John explains how these projects are each addressing specific challenges:

“In our earlier projects like PRECISE and MAINLINE we have developed proof-of-concept studies for new indications (bladder, multi targets) and this also helps to further finetune our CE-IVD accredited product in lung cancer and melanoma. So the main difference in ROUTINE, our new EIC project, is that we are now carrying out real clinical utility studies in Germany, in France and the Netherlands to test the use of the IVD blood test in real practice. These clinical studies are labour intensive and very expensive and EIC Accelerator gives us the beautiful opportunity to get these studies carried out in Europe and to help reimbursement of the blood test in these countries.

“We are making really good progress and that is also our experience of working with Catalyze. It has been a successful collaboration because we have transparent communication, and we work through the hurdles together. That’s also why we decided to move ahead with the ROUTINE project and develop this proposal together again with Catalyze. And luckily we did as we succeeded in one submission. Quite a great achievement for the two teams.”

IOpenerTM clinical utility studies underway

Under their EIC Accelerator project, ROUTINE, PamGene are conducting a number of clinical utility studies in melanoma and lung cancer. With IOpenerTM, PamGene can deliver the first IVDR accredited blood-based biomarker to help optimize and personalize the use of ICI treatment.

“We are working on the implementation of the test in melanoma patients in Germany, Switzerland and in the Netherlands, and assessing the health effects and economics of ICI’s with such a blood test. We are always considering in here, what is the need from the doctor’s and patient’s perspective? And how can we help them to incorporate this blood test into their standard practice at the best price? We really want to help decide what is a good therapy for that particular patient.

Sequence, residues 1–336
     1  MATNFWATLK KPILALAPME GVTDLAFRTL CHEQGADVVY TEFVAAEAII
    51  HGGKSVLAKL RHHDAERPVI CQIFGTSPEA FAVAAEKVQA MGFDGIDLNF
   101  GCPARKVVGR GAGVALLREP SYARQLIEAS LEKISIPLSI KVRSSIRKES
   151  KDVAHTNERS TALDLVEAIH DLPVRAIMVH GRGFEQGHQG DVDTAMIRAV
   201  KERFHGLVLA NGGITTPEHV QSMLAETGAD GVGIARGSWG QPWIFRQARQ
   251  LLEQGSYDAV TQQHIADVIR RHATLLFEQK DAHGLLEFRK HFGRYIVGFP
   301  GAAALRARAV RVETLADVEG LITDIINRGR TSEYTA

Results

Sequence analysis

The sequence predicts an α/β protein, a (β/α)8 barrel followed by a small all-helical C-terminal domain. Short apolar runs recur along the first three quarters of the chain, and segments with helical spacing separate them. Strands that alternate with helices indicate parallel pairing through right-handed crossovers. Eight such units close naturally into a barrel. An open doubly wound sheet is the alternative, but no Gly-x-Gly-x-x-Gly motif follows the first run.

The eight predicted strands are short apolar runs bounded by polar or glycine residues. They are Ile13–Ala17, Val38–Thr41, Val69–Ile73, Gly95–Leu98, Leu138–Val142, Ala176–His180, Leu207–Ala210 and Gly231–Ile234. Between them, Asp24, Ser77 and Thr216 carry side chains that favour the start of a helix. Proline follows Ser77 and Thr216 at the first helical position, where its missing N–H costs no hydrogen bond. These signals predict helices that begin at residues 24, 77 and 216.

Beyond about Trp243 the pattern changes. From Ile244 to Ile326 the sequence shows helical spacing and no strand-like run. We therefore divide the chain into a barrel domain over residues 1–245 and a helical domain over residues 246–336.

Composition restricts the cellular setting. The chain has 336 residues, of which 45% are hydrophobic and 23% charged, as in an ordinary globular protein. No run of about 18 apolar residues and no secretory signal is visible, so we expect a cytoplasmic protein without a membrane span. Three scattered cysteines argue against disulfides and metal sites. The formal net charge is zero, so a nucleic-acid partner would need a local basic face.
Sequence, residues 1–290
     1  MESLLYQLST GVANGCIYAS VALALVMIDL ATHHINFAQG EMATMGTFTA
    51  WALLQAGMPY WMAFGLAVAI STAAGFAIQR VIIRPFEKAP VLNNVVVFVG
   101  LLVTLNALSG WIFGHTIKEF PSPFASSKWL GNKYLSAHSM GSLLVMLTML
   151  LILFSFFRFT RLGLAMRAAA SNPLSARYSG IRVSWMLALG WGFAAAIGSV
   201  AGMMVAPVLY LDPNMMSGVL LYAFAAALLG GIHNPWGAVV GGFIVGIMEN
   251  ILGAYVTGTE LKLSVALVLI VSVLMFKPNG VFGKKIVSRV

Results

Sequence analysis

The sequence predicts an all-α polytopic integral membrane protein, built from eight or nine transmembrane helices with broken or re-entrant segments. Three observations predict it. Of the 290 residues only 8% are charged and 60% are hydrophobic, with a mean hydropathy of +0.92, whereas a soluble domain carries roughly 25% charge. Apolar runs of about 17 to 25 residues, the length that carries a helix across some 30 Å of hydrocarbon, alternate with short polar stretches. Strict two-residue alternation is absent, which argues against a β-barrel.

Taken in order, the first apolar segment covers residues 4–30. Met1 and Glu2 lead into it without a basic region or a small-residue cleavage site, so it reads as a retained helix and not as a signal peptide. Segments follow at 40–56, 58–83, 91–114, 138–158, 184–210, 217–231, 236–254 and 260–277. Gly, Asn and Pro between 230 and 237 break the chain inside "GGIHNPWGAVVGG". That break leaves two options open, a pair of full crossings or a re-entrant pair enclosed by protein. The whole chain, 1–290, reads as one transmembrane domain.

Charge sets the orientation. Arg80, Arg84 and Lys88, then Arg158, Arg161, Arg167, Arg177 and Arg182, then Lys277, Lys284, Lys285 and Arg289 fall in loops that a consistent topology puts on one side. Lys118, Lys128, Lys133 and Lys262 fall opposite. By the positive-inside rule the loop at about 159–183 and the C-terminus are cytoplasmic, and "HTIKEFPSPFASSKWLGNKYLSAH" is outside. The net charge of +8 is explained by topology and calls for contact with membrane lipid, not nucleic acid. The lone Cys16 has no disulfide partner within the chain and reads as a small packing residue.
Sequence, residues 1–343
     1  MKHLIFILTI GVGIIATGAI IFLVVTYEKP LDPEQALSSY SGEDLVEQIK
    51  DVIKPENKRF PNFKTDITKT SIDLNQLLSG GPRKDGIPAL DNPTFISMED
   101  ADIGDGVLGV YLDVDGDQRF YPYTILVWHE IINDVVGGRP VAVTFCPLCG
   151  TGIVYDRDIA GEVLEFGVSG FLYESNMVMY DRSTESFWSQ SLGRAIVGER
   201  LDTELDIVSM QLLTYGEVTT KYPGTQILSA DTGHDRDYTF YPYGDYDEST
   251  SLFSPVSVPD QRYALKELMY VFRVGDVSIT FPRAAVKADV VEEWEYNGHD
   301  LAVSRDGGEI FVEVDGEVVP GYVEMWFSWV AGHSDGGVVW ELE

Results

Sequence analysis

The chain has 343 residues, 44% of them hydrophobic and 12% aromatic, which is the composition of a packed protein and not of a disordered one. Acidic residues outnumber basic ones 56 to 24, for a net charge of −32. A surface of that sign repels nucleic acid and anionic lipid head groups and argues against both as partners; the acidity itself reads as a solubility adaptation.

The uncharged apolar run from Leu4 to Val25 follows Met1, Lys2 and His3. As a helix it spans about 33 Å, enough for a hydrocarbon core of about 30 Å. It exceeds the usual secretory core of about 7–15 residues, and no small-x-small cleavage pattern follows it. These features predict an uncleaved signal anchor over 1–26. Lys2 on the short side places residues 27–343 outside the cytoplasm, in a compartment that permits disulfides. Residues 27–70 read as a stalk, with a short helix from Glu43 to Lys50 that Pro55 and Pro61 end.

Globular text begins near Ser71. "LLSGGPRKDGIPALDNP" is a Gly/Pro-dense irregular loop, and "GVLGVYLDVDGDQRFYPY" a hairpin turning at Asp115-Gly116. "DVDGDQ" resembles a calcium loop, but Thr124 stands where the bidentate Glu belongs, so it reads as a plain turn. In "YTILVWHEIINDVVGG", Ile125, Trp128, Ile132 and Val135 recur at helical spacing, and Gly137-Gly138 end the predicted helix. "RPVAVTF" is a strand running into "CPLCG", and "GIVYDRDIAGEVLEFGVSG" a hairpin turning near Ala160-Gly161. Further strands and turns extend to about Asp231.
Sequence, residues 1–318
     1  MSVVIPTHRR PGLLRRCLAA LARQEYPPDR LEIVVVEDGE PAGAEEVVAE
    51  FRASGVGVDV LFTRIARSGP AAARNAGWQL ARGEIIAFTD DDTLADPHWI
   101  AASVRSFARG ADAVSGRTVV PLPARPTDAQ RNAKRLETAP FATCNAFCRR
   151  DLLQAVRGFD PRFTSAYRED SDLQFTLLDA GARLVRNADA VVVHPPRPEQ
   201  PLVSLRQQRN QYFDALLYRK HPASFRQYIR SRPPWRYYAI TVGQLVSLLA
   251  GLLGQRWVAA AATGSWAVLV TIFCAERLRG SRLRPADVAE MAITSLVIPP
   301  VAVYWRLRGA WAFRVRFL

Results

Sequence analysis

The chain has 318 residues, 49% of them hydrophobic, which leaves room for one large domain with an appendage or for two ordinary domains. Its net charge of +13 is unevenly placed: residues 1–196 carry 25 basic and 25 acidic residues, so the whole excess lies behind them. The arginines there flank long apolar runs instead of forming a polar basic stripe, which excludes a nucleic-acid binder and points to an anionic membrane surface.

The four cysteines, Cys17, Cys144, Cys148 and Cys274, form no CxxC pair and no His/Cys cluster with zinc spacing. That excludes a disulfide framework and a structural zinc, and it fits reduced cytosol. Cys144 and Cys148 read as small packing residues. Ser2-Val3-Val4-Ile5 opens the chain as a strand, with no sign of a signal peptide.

“Currently there are no accredited blood-based biomarkers implemented. Of course there will be more tests coming along and for new indications, but for now we offer the first blood test that is fully validated in a blind and prospective patient cohort study in NSCLC and Melanoma to guide the proper use of immunotherapy.”

Strategic discussions with Catalyze

The decision to apply to EIC Accelerator was made last year, following strategic discussions together with Catalyze. As John points out, beyond the grant writing support, it is these conversations between PamGene and Catalyze that bring extra value to the ongoing collaboration.

“Taking these moments to look ahead together is something we really value about the collaboration. Already more than a year ago, Catalyze looked with us strategically at what is on the agenda for PamGene in the European research grant schedule, and how we could best approach the next steps in the development of IOpenerTM. Resultantly we decided to go ahead with developing the EIC Accelerator application together with Catalyze.”

John continues, “After working together for several years, we have learnt a lot about each other and how to work effectively with the individual advisors. It’s a people’s game. So Catalyze knows the direction we are going, and how many years it takes to get there. Catalyze knows sometimes better than we do what opportunities are coming up in the European Research Agenda and how this could fit for us. That’s the win-win in here as well”.